I ask you to think about how you can volunteer your time, talent, and treasure to help make your city and this region a better place to live for those among us who are less fortunate and others generally. And, once you’ve thought about how you can do that, I ask that you…do it.
No matter where you stand on the issues, make your stance known and get involved. A democracy works only when the people work for it. Democracy can be a fragile thing. Your engagement in our democratic system is what makes it strong.
As I close, thank you for allowing me this honor to spend some time with you this morning and share in your joy. I leave you with this: Many of you have heard the song, “America the Beautiful” sung at the opening of this ceremony. But how many of you have heard of the song simply called “America”? It’s also known as “My Country, ‘Tis of Thee.” That song was written in 1832 by Reverend Samuel Smith. It has eight
stanzas. Most people know the first two, maybe up to the first three stanzas; but I doubt many people know the last four stanzas. I like these because I think they represent the standard that our country strives to attain. I want to share them as I close this morning. And, don’t worry, I’m not going to sing…I’ll merely read the words:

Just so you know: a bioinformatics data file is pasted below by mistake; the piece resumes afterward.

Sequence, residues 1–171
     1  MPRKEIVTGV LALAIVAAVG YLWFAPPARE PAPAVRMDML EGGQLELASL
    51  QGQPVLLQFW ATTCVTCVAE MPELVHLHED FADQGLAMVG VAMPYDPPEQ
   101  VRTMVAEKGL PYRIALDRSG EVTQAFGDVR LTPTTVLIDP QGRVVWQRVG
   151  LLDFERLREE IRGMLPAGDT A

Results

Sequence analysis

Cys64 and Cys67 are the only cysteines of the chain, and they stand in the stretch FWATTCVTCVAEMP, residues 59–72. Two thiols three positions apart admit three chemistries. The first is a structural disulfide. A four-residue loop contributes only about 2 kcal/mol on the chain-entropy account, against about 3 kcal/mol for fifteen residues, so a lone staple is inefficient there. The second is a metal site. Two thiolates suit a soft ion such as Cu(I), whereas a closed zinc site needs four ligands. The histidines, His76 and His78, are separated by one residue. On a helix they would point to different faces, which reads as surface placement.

Our glorious Land to-day, ‘Neath Education’s sway, Soars upward still. Its hills of learning fair, Whose bounties all may share, Behold them everywhere On vale and hill!
Thy safeguard, Liberty, The school shall ever be, Our Nation’s pride! No tyrant hand shall smite, While with encircling might All here are taught the Right With Truth allied.
Beneath Heaven’s gracious will The stars of progress still Our course do sway; In unity sublime To broader heights we climb, Triumphant over Time, God speeds our way!
Grand birthright of our sires, Our altars and our fires Keep we still pure! Our starry flag unfurled, The hope of all the world, In peace and light impearled, God hold secure!
Thank you again for this honor. God bless you, and God bless the United States of America.